Abstract We expressed rat Na v 1.6 sodium channels in combination with the rat β 1 and β 2 auxiliary subunits in Xenopus laevis oocytes and evaluated the effects of the pyrethroid insecticides S –Bioallethrin, deltamethrin, and tefluthrin on expressed sodium currents using the two-electrode voltage clamp technique. S –Bioallethrin, a type I structure, produced transient modification evident in the induction of rapidly decaying sodium tail currents, weak resting modification (5.7% modification at 100 μM), and no further enhancement of modification upon repetitive activation by high-frequency trains of depolarizing pulses. By contrast deltamethrin, a type II structure, produced sodium tail currents that were ~ 9-fold more persistent than those caused by S –Bioallethrin, barely detectable resting modification (2.5% modification at 100 μM), and 3.7-fold enhancement of modification upon repetitive activation. Tefluthrin, a type I structure with high mammalian toxicity, exhibited properties intermediate between S –Bioallethrin and deltamethrin: intermediate tail current decay kinetics, much greater resting modification (14.1% at 100 μM), and 2.8-fold enhancement of resting modification upon repetitive activation. Comparison of concentration–effect data showed that repetitive depolarization increased the potency of tefluthrin ~ 15-fold and that tefluthrin was ~ 10-fold more potent than deltamethrin as a use-dependent modifier of Na v 1.6 sodium channels. Concentration–effect data from parallel experiments with the rat Na v 1.2 sodium channel coexpressed with the rat β 1 and β 2 subunits in oocytes showed that the Na v 1.6 isoform was at least 15-fold more sensitive to tefluthrin and deltamethrin than the Na v 1.2 isoform. These results implicate sodium channels containing the Na v 1.6 isoform as potential targets for the central neurotoxic effects of pyrethroids.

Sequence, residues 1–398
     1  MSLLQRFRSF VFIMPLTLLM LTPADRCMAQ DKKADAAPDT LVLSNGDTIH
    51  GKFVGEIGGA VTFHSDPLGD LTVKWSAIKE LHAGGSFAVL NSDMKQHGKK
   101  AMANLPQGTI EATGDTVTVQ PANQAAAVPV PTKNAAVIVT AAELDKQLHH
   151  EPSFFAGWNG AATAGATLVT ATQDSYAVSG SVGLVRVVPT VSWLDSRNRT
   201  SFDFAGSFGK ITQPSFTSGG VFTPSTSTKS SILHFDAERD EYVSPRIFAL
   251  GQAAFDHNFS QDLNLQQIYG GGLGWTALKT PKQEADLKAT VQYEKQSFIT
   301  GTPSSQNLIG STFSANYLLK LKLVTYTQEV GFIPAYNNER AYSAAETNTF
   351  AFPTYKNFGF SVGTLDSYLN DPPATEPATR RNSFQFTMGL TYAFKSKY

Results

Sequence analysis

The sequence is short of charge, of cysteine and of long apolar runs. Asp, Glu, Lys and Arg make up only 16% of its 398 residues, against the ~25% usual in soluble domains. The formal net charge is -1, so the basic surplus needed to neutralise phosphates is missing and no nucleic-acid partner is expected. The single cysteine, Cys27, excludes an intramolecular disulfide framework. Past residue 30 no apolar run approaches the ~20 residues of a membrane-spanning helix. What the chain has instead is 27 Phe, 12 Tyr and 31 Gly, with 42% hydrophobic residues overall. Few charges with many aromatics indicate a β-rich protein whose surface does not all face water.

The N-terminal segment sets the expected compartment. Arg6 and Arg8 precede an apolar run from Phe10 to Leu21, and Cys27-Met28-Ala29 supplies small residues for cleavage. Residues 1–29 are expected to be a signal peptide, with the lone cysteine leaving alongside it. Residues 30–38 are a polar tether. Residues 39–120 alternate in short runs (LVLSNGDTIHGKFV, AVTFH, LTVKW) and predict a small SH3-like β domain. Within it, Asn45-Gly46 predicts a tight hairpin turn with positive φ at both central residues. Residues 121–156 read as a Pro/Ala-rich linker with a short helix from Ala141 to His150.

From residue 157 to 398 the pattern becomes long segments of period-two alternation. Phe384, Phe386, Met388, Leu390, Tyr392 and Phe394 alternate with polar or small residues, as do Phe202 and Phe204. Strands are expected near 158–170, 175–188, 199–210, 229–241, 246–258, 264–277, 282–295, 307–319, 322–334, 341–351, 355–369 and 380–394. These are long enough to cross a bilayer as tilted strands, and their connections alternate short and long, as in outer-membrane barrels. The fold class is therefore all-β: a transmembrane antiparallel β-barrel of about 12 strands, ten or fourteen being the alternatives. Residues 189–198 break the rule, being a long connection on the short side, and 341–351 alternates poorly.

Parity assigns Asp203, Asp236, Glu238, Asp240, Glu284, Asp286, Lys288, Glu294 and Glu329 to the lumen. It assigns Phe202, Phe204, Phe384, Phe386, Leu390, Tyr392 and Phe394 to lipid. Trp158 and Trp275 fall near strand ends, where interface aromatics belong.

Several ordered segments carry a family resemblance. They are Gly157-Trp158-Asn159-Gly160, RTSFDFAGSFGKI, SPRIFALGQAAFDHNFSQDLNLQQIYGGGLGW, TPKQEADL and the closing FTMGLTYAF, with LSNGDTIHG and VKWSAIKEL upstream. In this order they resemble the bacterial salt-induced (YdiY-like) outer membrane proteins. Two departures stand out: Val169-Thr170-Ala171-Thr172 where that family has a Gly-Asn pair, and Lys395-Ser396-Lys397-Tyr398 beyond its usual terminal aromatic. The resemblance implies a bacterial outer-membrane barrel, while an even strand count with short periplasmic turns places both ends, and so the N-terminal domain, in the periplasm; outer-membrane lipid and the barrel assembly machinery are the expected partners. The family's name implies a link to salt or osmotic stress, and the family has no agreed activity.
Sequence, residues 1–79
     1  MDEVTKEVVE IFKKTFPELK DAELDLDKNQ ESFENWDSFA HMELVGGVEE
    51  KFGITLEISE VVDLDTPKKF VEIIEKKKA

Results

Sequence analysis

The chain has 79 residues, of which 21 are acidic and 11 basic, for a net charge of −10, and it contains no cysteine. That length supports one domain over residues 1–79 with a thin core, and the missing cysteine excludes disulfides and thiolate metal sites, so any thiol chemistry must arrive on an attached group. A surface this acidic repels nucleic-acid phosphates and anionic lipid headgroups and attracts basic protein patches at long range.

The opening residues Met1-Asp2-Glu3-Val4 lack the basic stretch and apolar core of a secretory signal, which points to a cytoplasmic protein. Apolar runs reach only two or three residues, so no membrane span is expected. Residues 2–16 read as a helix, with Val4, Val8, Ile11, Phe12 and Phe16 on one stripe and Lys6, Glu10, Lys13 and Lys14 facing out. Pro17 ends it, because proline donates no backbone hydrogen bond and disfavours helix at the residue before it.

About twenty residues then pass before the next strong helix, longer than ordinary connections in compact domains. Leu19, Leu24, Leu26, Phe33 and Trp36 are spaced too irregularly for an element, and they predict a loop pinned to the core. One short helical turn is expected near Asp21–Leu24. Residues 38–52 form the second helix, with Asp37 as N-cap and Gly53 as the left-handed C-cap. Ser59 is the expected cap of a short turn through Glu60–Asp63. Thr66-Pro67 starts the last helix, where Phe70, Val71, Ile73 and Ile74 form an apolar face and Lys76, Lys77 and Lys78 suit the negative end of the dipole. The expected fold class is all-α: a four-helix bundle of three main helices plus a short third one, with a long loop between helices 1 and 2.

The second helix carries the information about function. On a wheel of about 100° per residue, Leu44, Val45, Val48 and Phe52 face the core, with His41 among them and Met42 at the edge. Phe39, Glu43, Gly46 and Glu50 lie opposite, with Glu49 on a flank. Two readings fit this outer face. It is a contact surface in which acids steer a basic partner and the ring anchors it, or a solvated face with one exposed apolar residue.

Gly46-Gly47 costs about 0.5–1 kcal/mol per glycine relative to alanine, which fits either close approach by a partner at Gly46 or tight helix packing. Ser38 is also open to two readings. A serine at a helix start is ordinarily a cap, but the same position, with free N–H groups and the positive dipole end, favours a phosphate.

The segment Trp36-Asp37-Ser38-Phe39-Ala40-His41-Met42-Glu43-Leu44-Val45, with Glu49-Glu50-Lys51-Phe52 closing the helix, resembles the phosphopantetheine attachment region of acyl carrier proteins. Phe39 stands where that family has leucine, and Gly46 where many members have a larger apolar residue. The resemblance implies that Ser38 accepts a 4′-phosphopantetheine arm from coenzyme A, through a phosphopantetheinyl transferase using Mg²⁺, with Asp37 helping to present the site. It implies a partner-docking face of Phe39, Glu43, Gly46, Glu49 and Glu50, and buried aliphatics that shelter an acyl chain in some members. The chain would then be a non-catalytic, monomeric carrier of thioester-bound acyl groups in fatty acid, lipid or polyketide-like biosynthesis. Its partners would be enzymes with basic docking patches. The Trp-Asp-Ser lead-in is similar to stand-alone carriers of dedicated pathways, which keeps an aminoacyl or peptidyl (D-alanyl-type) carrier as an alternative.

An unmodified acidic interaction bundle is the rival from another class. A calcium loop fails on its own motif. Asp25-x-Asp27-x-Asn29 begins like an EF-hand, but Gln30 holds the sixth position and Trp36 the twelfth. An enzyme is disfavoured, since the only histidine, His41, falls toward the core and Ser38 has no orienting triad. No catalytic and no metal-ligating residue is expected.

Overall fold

• evidence for a separate mechanism of toxicity for the type i and the type ii pyrethroid insecticides
    Neurotoxicology, 2009
    Co-Authors: Charles B Breckenridge, David M Soderlund, Larry R Holden, Nicholas C Sturgess, Myra L Weiner, Larry P Sheets, Dana Sargent, Jinsung Choi, Steve Symington, Marshall J Clark

    Abstract: